Voters face nearly $11 million in projects
Residents won’t be casting votes only for state and federal office on Nov. 6. Nearly $11 million in city projects and revisions to the city’s charter will go before voters as five ballot referendum questions.
Mayor Mark Lauretti encouraged voters to support all five referendums, which include bonding money for a new animal shelter, $5 million for roadwork, new fire apparatus, and Canal Street reconstruction.
“I would not be supporting all these referendums if I didn’t think we could afford it,” Lauretti told the Herald last week. “We’ve invested in schools, wastewater treatment plant, open space in the past, and we still have the lowest mill rate around.”
“Shall the Charter of the City of Shelton be revised in accordance with the report and recommendations of the Charter Revision Commission?”
By state law, a municipality must review its charter every 10 years.
Many of changes are small grammatical changes, but there are a few larger changes.
One of the more substantive changes is to the terms of elected Planning and Zoning Commissioners. The change says “[members] to serve for staggered terms of four years with the terms of three members expiring at each general city election. In November 2013, three members shall be elected for a term of two years and three members elected for a term of four years.”
A copy of the charter with proposed changes is available here. Click on "Charter documents" in order to download “Charter 2012 strike through copy."
“The charter is part and parcel to our success,” Lauretti said. “It takes the gray out of things and creates black and white. Gray is the mainstay for attorneys. It’s important to have a document that is very clear.
“Shall the $5 million appropriation and bond authorization for the reconstruction and resurfacing of roads in the City of Shelton, be approved?”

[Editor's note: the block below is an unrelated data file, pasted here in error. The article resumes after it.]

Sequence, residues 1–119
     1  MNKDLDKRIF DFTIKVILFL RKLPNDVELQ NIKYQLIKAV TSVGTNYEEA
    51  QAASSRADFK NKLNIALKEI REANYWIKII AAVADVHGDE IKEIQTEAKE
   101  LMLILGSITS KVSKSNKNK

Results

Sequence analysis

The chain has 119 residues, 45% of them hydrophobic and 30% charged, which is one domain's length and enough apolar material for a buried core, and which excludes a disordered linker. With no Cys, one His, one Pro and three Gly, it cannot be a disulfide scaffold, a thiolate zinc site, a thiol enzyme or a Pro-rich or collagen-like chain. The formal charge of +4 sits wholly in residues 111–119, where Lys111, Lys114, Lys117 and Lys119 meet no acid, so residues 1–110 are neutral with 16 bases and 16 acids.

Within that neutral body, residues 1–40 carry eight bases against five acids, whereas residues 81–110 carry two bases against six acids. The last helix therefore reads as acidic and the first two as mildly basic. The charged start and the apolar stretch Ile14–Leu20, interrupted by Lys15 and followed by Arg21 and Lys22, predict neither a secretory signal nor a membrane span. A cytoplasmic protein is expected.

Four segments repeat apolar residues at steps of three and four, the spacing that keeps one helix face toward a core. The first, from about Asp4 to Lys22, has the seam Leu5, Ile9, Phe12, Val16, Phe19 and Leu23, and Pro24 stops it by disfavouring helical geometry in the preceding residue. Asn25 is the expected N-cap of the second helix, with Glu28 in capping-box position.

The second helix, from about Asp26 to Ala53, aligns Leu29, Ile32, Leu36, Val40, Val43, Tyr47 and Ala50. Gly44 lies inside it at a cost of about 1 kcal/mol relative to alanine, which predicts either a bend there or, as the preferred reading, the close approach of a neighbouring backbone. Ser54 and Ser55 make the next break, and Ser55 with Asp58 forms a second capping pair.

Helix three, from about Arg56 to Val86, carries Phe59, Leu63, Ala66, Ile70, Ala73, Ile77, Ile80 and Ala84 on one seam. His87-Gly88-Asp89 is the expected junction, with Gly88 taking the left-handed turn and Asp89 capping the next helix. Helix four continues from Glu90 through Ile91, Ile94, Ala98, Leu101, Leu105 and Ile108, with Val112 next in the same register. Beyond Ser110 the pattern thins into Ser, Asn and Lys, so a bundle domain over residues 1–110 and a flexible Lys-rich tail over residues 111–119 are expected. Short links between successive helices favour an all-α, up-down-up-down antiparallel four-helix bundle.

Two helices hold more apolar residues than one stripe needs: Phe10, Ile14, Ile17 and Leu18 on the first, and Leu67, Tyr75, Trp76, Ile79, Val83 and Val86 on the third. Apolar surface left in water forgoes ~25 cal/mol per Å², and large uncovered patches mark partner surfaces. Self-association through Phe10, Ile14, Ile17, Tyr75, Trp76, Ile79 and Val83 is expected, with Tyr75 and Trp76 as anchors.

“We need more,” Lauretti said of the roadwork referendum. “Public roads in any community are an issue. This is another step along the way to manage the roads without any impact to the mill rate.”
Lauretti said the city has spent about $6 million on roads in the last six years but with 205 miles of roads there is still a lot more work to do.
He did not have an estimate of how many miles the city will be able to do if the referendum passes.
“The cost is a moving target,” he said. “Some roads need a total reconstruction and some don’t.”
“Shall the $1 million appropriation and bond authorization for the reconstruction of Canal Street in the City of Shelton, be approved?”
The $1 million for work would go toward acquisition of easements and full-depth reconstruction, according to the Shelton Economic Development Corp.
Officials have said the reconstruction is an important part of downtown revitalization. Construction of Avalon Bay’s 250-unit complex is under way, The Birmingham was finished a few years ago, and other development proposals, both commercial and residential, are in the works for Canal Street.
“Canal Street is the easiest one because of the return on the investment,” Lauretti said.
The mayor compared it to the city building Commerce Drive and then benefiting from the taxes of development there.
“This is a chip shot,” he said of Canal Street. “It would be an awful shame for this not to pass — this is good sound economics.
Lauretti said it would be illegal for a developer to pay to repair the road, since it’s a public street.
“Shall the $1.4 million appropriation and bond authorization for the construction of an animal shelter in the City of Shelton, be approved?”
The proposed shelter is 6,000 square feet on the corner of Brewster Lane and Riverdale Avenue. The shelter would include enclosed kennels for dogs, a cat room, an adoption area, and a room for public education on pet issues.
The current shelter, nearby on Riverdale Avenue, has failed state inspections several times and needs to be replaced, officials said.
“Considering we haven’t done anything with the shelter in 35 years, I’d say we got our money’s worth,” Lauretti said. “It’s the right thing for the city to do.”
“Shall the $3.5 million appropriation and bond authorization for the acquisition of fire apparatus for the City of Shelton, be approved?”
If voters approve bonding the $3.5 million, the department will replace six vehicles with four new emergency vehicles, one to each of the four fire companies. Echo Hose Hook and Ladder would get a rescue truck with pumping capabilities, Pine Rock Park and White Hills would each get an engine that is part ladder truck and pumper, and the Huntington Fire Co. would get a rescue truck. “The most important factors are dependability, reliability and safety,” fire Chief Fran Jones said last month or replacement.
The department, which has 267 volunteer members, is seeing an increase in calls, according to Jones, who said they responded to 1,300 calls last year.
“We haven’t purchased any [new fire apparatus] in 10 years,” Lauretti said. “It’s time.”